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Green, least concern
Best Time to See
April, May and June. It is one of the earliest flowering of the Carrot family.
Often seen on roadsides and near hedgerows. Also found in woodland edges.
Frothy and lacy, this wildflower grows in abundance along thoroughfares in summer.
How to identify it
Its tripinnate leaves are fern-like with pointed leaflets. Seeds are oblong, beaked and smooth. Stems are hollow, without spots.
How is it doing?
One of the few flowers that benefits from current road verge management since it likes high levels of nutrients (much like nettles). Sadly, this is at the expense of other species.
Did you know?
Like the closely-related wild carrot, it is also called “Queen Anne’s Lace”. Other names are Lady’s lace, Fairy lace, Spanish lace, Kex, Kecksie, Queque, Mother die, Step-mother, Grandpa’s pepper, Hedge parsley, Badman’s oatmeal, Blackman’s tobacco and Rabbit meat.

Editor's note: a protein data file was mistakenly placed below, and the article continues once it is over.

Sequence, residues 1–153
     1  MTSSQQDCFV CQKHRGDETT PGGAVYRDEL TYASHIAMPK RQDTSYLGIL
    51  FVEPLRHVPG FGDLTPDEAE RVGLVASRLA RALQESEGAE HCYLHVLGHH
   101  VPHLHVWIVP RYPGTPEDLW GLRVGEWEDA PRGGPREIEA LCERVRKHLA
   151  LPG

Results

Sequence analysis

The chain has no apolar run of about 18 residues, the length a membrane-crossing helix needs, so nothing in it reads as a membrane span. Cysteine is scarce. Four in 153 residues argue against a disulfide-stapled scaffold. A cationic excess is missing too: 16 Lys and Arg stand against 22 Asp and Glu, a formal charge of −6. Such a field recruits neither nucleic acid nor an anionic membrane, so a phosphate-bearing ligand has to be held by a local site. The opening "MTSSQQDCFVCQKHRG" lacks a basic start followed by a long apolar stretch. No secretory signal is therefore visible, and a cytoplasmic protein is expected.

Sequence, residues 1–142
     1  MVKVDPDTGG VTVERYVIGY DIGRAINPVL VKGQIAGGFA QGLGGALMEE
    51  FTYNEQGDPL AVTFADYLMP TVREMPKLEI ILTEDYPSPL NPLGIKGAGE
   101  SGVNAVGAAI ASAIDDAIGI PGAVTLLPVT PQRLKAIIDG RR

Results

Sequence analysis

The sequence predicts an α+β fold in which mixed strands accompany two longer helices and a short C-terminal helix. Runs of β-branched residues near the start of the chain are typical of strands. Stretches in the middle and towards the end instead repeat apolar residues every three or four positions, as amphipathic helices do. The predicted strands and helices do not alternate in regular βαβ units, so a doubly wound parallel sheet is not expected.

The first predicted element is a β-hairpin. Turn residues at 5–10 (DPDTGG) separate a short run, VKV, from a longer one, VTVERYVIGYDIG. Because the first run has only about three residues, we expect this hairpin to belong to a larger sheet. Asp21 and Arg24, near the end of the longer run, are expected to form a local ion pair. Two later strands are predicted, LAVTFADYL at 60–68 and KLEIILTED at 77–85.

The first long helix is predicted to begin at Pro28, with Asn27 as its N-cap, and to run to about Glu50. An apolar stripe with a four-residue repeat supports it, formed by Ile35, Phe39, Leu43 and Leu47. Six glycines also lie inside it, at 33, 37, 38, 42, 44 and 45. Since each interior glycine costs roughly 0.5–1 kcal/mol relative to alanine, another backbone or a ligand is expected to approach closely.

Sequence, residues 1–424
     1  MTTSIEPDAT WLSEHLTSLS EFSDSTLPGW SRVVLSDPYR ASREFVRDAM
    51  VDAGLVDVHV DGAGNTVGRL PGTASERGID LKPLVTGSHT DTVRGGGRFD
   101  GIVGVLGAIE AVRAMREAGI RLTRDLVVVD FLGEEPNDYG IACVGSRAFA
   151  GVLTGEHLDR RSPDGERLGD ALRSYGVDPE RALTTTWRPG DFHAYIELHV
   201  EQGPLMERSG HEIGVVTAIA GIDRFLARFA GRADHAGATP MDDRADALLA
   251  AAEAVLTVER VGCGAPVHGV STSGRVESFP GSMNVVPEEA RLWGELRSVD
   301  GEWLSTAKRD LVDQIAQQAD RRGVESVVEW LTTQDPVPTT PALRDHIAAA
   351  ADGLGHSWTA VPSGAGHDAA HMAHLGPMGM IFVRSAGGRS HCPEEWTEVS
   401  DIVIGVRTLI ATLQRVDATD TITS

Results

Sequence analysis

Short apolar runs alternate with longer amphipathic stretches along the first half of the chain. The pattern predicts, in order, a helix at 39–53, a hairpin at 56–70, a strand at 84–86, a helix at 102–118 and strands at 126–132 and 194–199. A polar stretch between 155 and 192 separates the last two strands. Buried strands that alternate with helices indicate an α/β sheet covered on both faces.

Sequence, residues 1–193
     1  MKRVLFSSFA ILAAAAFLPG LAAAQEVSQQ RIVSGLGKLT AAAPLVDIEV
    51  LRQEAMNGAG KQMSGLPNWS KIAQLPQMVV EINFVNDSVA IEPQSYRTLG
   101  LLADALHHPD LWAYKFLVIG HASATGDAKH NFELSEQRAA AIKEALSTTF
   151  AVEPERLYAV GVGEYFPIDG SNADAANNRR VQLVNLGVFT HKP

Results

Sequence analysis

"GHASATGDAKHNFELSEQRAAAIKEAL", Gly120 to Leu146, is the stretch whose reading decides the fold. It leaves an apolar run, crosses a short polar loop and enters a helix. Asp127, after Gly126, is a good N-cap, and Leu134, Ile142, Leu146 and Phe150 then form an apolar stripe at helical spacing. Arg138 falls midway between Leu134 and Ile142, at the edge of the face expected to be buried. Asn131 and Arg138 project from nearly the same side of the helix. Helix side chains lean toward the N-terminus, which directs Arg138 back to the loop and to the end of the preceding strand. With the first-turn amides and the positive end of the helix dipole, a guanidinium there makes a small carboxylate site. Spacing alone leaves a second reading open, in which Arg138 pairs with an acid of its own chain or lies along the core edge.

It is related to the carrot as well as parsley. The rather dismissive English name, Cow parsley, simply means an inferior version of real parsley. Perhaps this is an appropriate name for this truly vernacular blossom but is not as pretty as Queen Anne’s Lace which has never really caught on.
It has a rising reputation for being a decorative flower and is widely used in church arrangements on account of its sprays working well in a vase and the shape and blossom lasting over a week.
It can be confused with hemlock (which is poisonous) and hogweed (sap burns in sunlight), so if handling, caution is advised. Kex and its derivatives are also used to describe hogweed and hemlock.
Properly identified, young cow parsley leaves can be a fresh and mildly aromatic addition to omelettes and salads. However, the name Mother die, which implies that your mother will die if you pick the plant, is perhaps a useful reminder to discourage the picking of any umbellifers since edible and toxic species are so similar looking.
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